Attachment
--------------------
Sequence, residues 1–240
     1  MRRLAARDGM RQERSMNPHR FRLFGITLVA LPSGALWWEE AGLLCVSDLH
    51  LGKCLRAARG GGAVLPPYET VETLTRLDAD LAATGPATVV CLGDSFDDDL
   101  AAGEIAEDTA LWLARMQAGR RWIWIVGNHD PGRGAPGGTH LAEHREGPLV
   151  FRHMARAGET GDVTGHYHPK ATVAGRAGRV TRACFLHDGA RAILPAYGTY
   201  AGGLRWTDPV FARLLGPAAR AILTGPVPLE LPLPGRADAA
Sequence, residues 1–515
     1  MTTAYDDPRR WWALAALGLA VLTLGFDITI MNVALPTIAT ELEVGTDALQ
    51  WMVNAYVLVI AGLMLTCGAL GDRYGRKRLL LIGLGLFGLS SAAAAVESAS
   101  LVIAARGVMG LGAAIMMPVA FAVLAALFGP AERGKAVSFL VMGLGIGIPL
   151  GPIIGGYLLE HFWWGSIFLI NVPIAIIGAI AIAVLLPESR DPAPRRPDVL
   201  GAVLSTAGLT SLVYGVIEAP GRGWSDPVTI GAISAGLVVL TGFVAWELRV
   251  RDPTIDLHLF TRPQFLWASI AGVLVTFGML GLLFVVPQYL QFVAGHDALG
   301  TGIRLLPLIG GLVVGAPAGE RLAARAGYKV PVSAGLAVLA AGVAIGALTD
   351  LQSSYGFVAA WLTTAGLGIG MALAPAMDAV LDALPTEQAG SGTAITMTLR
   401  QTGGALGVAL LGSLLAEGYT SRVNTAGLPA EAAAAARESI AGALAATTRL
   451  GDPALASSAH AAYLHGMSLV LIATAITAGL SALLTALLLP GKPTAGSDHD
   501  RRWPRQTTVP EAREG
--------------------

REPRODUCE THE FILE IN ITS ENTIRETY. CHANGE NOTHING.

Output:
Sequence, residues 1–240
     1  MRRLAARDGM RQERSMNPHR FRLFGITLVA LPSGALWWEE AGLLCVSDLH
    51  LGKCLRAARG GGAVLPPYET VETLTRLDAD LAATGPATVV CLGDSFDDDL
   101  AAGEIAEDTA LWLARMQAGR RWIWIVGNHD PGRGAPGGTH LAEHREGPLV
   151  FRHMARAGET GDVTGHYHPK ATVAGRAGRV TRACFLHDGA RAILPAYGTY
   201  AGGLRWTDPV FARLLGPAAR AILTGPVPLE LPLPGRADAA
Sequence, residues 1–515
     1  MTTAYDDPRR WWALAALGLA VLTLGFDITI MNVALPTIAT ELEVGTDALQ
    51  WMVNAYVLVI AGLMLTCGAL GDRYGRKRLL LIGLGLFGLS SAAAAVESAS
   101  LVIAARGVMG LGAAIMMPVA FAVLAALFGP AERGKAVSFL VMGLGIGIPL
   151  GPIIGGYLLE HFWWGSIFLI NVPIAIIGAI AIAVLLPESR DPAPRRPDVL
   201  GAVLSTAGLT SLVYGVIEAP GRGWSDPVTI GAISAGLVVL TGFVAWELRV
   251  RDPTIDLHLF TRPQFLWASI AGVLVTFGML GLLFVVPQYL QFVAGHDALG
   301  TGIRLLPLIG GLVVGAPAGE RLAARAGYKV PVSAGLAVLA AGVAIGALTD
   351  LQSSYGFVAA WLTTAGLGIG MALAPAMDAV LDALPTEQAG SGTAITMTLR
   401  QTGGALGVAL LGSLLAEGYT SRVNTAGLPA EAAAAARESI AGALAATTRL
   451  GDPALASSAH AAYLHGMSLV LIATAITAGL SALLTALLLP GKPTAGSDHD
   501  RRWPRQTTVP EAREG